he tried to swim out to sea. dolphins have been filmed in the past showing surprise aggression against each other. for now, the crowds in california are gathering on shore to see what happens next to this one. coming up, what really happens when you drop off your car at a parking lot. the joy-riding valet, caught in the act tonight. was the vial and syringe dad used. and me... discovering once-daily levemir flexpen. flexpen is prefilled. doesn't need refrigeration for up to 42 days. no drawing from a vial. dial the exact dose. inject by pushing a button. flexpen is insulin delivery my way. levemir is long acting insulin used to control high blood sugar in adults and children with diabetes. do not take if your blood sugar is too low. tell your health care provider about all medicines you take and all of your medical conditions, including if you are pregnant or breastfeeding. the most common side effect is low blood sugar.
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do you remember this scene from ferris bueller's day off? parking attendants gone wild. our orlando affiliate found a pretty wild case of life more than imitating art. >> reporter: it's red. it's fast and it proved too tempting for the owner of this parking lot. we got a tip that jay nieves of premier parking in orlando, florida, was doing more than just watching customer's cars. to investigate, we rented this
flashy, corvette convertible, equipped it with a gps tracking device and dropped it off, pretending to be a husband and wife headed for vacation. just six hours later the gps tracking device sent us a text message, alerting us the car was in motion. that's when we captured this video of nieves and anohter employee joyriding in our car. they were peeling out on dirt roads, nieves waving his arms in pure joy. we saw him taking pictures with the corvette, driving it to applebee's and even parking it at his home overnight. he went to ace hardware. this is nieves walking from the store. later, he loaded it with lumber at his home and even allowed a dog to run around inside the customer's car. for two days we followed him all over town hitting speeds over 65 miles an hour. and racking up more than 60 miles. finally, when he left it in the parking lot with the top down and the door open, we'd seen enough. who's car are you driving out there? >> who's car? >> reporter: yeah. the red corvette. >> we're not driving anybody's car, why?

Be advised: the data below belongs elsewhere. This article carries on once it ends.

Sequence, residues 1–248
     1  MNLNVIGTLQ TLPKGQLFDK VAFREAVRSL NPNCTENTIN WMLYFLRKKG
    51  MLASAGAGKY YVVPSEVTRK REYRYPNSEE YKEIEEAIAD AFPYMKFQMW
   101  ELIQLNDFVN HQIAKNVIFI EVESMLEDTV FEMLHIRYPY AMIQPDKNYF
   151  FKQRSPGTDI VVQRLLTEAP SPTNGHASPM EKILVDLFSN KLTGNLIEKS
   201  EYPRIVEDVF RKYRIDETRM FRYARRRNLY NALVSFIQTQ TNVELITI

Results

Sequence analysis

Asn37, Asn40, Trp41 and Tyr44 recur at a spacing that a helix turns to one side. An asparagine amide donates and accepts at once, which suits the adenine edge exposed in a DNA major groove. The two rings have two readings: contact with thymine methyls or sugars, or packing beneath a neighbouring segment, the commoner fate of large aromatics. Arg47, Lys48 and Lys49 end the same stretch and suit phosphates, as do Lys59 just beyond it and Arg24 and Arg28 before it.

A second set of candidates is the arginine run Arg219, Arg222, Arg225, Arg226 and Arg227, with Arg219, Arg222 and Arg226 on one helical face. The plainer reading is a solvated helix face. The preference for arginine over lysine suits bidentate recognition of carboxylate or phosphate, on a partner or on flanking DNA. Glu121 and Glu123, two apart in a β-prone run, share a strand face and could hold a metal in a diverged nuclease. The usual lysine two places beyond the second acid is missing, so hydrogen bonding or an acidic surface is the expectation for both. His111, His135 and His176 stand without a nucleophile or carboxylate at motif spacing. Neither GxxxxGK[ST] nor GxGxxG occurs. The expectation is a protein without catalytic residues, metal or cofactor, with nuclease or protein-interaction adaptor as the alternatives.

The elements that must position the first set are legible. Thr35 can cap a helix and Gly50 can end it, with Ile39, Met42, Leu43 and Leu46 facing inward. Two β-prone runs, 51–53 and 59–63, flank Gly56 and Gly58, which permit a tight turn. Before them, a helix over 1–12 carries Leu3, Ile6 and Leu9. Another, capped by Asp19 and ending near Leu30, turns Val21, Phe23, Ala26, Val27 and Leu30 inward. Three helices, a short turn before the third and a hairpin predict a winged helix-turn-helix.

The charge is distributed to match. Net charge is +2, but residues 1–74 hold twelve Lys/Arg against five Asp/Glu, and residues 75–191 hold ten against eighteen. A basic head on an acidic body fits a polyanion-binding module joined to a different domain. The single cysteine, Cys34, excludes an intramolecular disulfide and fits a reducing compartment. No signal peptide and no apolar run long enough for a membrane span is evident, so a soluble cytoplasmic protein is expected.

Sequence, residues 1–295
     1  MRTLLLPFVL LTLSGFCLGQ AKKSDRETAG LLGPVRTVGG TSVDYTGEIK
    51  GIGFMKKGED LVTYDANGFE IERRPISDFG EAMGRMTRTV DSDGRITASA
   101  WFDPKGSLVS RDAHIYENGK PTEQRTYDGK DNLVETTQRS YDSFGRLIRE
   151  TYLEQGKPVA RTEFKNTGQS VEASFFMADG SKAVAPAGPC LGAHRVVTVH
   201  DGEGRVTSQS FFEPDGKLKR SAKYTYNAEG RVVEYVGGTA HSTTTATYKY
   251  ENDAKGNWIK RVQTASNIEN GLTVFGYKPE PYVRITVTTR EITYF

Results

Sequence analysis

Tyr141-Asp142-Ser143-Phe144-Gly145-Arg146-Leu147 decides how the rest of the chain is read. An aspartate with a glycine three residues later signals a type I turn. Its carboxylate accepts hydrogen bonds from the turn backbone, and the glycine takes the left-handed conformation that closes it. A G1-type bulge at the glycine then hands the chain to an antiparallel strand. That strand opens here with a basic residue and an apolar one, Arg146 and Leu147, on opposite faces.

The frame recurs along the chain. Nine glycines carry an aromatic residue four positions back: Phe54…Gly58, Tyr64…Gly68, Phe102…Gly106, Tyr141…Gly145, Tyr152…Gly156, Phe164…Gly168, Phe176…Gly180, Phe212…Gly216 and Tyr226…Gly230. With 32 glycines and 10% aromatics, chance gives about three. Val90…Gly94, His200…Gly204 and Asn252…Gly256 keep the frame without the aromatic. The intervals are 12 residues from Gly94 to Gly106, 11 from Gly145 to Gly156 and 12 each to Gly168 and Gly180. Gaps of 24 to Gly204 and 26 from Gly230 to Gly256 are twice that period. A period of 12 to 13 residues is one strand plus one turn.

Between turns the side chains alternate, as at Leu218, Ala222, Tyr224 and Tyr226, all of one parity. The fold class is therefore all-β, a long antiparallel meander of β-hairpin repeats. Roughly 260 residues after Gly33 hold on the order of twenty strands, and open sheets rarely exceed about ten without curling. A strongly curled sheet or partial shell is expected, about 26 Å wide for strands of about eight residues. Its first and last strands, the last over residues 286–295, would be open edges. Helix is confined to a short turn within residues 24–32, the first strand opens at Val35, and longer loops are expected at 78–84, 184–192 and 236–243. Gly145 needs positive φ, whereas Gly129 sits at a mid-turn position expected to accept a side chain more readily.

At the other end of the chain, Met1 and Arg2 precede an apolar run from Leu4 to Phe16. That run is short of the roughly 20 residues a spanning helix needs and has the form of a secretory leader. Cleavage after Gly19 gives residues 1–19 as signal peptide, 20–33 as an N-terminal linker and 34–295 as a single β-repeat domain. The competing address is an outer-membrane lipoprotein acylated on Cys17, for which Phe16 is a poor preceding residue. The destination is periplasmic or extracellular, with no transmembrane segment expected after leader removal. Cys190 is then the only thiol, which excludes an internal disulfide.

>> reporter: you guys were driving that car all over town. >> what are you talking about? >> reporter: even though we had all this video -- i'm going to show you something jay. let me show you this video. you recognize this road? you recognize those people in the car? >> we weren't driving anybody's car. >> reporter: he denied he ever took a joy ride. you're going to say you weren't driving the car? tell me the truth. be honest with us. >> you're completely wrong. >> reporter: it would appear our video tells a different story. for abc news, jeff deal, cocoa, florida. and our thanks to jeff deal. thank you for watching. we're always on at abc news.com. as we said, "nightline" will be along later with bill weir and we'll see you right back here again tomorrow night. goodnight.